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Park & Oak in West Hartford closed earlier this year (ctnewsjunkie photo)

Struggling with pandemic restrictions and customer anxiety, more than 600 Connecticut restaurants have either gone out of business this year or shut their doors with no set plans to reopen, according to the Connecticut Restaurant Association.

Scott Dolch, executive director of the association, said the number comes from the state’s top six food distributors, who in early November reported losing more than 600 accounts since the coronavirus pandemic crippled the operation of restaurants across the state.

“We just don’t know if they’re going to come back, but they’re no longer receiving any food distributions,” Dolch said Friday. “The majority are just so in debt now that I don’t know if they will” come back.

Shifting conditions and state restrictions have required a taxing degree of flexibility from restaurants this year. During the lockdown in early spring, those that stayed in operation transitioned entirely to takeout and delivery business, leaning heavily on delivery apps like Uber Eats and GrubHub.

Many created makeshift outdoor dining areas when the state began allowing it in May. In June, Gov. Ned Lamont permitted restaurants to open their doors at half their normal capacity. Some establishments rearranged dining areas and installed Plexiglass dividers designed to slow transmission of the virus. Last month, the state briefly upped the indoor capacity limit to 75% before clamping back down to 50% as virus cases surged.

The renewed capacity limitations came with new restrictions on table sizes and closing-time requirements. All restaurant dining areas are now required to close by 10 p.m. Now, as cold weather takes outdoor dining off the table, many restaurants wonder how they will make it through the winter.

During a Facebook Live conversation with U.S. Sen. Chris Murphy on Friday morning, Dan Meiser, owner of the Oyster Club in Mystic, said many restaurant owners have a difficult decision to make.

“Does it make sense to keep bleeding out and hope you’re going to make it to April or May, whenever you see those mass distributions of the vaccine coming?” Meiser asked. “Or is the decision to close now and hunker down and try to conserve cash and reopen next April or May? Is that a better alternative? The fact is they’re both horrible choices.”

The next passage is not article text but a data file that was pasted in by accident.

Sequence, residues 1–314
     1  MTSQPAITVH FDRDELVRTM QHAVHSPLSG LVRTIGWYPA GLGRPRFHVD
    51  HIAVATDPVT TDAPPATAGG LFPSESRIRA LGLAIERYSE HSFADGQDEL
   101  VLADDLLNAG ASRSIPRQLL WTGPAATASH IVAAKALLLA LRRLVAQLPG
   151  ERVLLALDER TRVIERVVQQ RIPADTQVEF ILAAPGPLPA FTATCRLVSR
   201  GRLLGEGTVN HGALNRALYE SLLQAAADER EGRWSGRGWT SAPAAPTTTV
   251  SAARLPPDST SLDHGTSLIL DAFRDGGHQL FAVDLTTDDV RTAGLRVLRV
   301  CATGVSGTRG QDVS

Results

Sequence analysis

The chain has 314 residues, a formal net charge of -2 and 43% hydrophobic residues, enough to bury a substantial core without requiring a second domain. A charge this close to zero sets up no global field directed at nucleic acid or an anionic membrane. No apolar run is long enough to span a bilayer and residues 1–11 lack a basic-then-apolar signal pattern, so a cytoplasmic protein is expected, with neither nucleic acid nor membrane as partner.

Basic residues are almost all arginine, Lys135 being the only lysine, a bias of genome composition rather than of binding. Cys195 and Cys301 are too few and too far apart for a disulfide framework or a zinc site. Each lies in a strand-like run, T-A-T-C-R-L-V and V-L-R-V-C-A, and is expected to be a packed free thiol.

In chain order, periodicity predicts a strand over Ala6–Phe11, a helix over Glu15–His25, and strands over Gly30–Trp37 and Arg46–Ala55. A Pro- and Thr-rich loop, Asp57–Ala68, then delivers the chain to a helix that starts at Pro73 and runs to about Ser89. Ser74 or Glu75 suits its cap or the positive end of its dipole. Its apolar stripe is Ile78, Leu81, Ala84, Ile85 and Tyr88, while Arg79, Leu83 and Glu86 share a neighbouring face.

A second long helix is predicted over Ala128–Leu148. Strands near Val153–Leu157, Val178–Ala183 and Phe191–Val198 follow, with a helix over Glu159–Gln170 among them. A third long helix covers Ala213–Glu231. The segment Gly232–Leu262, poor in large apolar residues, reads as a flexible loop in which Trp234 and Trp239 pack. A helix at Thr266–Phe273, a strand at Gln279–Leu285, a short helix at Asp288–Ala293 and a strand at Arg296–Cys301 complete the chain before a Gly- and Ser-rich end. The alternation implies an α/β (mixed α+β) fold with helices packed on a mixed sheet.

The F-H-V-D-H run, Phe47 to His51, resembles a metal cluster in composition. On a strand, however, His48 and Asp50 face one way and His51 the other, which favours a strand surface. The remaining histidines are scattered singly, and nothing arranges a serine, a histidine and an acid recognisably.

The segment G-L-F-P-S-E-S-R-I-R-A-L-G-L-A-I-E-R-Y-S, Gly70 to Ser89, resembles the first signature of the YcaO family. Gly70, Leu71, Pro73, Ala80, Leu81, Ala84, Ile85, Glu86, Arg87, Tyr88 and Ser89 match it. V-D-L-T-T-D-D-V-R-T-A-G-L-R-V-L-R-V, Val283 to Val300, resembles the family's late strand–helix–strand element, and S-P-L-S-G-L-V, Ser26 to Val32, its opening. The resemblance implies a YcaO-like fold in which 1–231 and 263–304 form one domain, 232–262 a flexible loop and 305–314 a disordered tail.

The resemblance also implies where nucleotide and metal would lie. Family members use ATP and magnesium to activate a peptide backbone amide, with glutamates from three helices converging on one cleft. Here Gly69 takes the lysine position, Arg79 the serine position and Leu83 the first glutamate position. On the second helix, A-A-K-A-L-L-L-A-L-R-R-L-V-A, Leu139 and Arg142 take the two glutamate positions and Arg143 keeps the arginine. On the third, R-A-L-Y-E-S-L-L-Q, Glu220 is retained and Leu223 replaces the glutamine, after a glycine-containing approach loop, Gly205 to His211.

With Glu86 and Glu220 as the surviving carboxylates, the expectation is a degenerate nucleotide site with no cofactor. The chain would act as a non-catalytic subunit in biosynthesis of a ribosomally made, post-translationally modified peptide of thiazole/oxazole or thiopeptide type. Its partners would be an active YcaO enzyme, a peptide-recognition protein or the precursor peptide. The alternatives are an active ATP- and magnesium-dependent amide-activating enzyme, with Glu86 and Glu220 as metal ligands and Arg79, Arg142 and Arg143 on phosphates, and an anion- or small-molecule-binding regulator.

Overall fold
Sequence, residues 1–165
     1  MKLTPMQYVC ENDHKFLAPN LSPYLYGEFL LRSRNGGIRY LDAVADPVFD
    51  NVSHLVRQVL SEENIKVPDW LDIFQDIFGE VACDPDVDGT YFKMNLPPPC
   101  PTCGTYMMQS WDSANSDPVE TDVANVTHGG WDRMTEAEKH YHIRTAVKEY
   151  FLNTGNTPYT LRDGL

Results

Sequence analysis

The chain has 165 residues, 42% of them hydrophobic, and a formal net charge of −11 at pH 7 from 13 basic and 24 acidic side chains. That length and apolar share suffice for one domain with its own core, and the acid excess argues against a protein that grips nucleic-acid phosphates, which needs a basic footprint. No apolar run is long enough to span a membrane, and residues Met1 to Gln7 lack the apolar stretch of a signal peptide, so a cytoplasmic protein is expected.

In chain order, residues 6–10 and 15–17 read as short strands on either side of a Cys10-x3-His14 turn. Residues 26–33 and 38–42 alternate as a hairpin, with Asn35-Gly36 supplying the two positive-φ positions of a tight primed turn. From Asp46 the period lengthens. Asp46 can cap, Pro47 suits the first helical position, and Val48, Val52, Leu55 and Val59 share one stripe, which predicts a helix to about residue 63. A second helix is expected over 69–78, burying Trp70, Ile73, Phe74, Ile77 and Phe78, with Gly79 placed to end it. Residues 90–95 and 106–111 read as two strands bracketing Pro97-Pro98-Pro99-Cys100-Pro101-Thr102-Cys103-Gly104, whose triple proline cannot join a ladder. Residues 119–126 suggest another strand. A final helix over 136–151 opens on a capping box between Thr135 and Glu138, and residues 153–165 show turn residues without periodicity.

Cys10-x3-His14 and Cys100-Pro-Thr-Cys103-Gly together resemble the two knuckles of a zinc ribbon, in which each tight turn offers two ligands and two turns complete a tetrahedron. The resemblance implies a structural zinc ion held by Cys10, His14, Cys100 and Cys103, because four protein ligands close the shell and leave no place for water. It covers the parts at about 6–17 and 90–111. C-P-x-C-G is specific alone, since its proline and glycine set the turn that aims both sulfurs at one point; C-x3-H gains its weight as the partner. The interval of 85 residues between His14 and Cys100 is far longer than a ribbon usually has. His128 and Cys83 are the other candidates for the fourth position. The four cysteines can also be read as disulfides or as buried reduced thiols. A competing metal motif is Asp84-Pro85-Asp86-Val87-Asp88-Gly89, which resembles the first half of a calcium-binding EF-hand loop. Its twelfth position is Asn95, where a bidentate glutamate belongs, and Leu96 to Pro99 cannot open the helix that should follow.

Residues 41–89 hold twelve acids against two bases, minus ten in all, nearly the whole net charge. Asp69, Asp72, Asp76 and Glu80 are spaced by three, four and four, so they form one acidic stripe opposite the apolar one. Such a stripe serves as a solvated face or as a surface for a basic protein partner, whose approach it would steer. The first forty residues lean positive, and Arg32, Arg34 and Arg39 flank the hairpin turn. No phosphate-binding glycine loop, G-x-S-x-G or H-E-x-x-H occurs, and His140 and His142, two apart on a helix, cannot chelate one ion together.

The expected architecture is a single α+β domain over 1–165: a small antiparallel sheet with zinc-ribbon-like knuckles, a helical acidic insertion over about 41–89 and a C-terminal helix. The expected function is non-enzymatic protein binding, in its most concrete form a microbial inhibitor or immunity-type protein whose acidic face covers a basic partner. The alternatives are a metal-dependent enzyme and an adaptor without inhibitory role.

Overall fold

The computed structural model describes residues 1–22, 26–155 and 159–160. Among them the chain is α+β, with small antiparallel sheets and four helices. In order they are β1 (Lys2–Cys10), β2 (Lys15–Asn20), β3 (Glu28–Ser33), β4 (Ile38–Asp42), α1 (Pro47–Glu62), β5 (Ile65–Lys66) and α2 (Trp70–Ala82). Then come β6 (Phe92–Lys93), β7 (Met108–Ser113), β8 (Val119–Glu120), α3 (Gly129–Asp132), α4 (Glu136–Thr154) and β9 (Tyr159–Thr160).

Restaurants also lament what they see as a shift in messaging from Lamont. In September, the governor praised the industry for taking steps to reduce the spread of the virus. But in recent weeks he has become concerned with “bars masquerading as restaurants” and has highlighted instances where Department of Consumer Protection inspectors have suspended the liquor licenses of restaurants that have violated public health orders.

During a Thursday press briefing, the governor said he was doing everything he could to keep restaurants open for business despite COVID-19 infection rates increasing to levels not seen since the springtime. But if the infection numbers continue to rise, as they are expected to do until January, Lamont said it will be restaurants and gyms that he considers closing next.

Even if the state does not shut down indoor dining, some restaurant owners worry consumer confidence will be eroded to the point where they cannot fill the limited seats they have available.

During the Facebook call with Murphy, Matt Storch, chef and owner of Match restaurant in South Norwalk, said customer confidence began to dry up abruptly this week.

“I can say Tuesday, pretty much it dried up. It was like that. The New York Times, the governors, you name it, everybody said ‘Restaurants are now becoming dangerous’ and that is a giant issue,” he said. “They’re not specifically saying that, but the undertone is ugly.”

What can be done? Restaurants hope customers will keep supporting their businesses, and they are looking for another round of financial assistance from the state or federal government.

Murphy said public officials were in a difficult spot, trying to provide accurate information about the pandemic without overhyping it to the point where it undermines businesses. Murphy said he planned to “turn up the heat” on his colleagues in Congress in an effort to pass another round of coronavirus relief.

Meiser said he hopes something happens soon.

“The cavalry’s got to show up. Whether that’s in the form of state aid or an additional federal package, something has got to happen. We’ve already lost 600 restaurants in the state of Connecticut,” he said. “That was through the summer and fall when we had outdoor [dining]. As we go into the winter? I think the reality is we’re going to see those numbers spike as well.”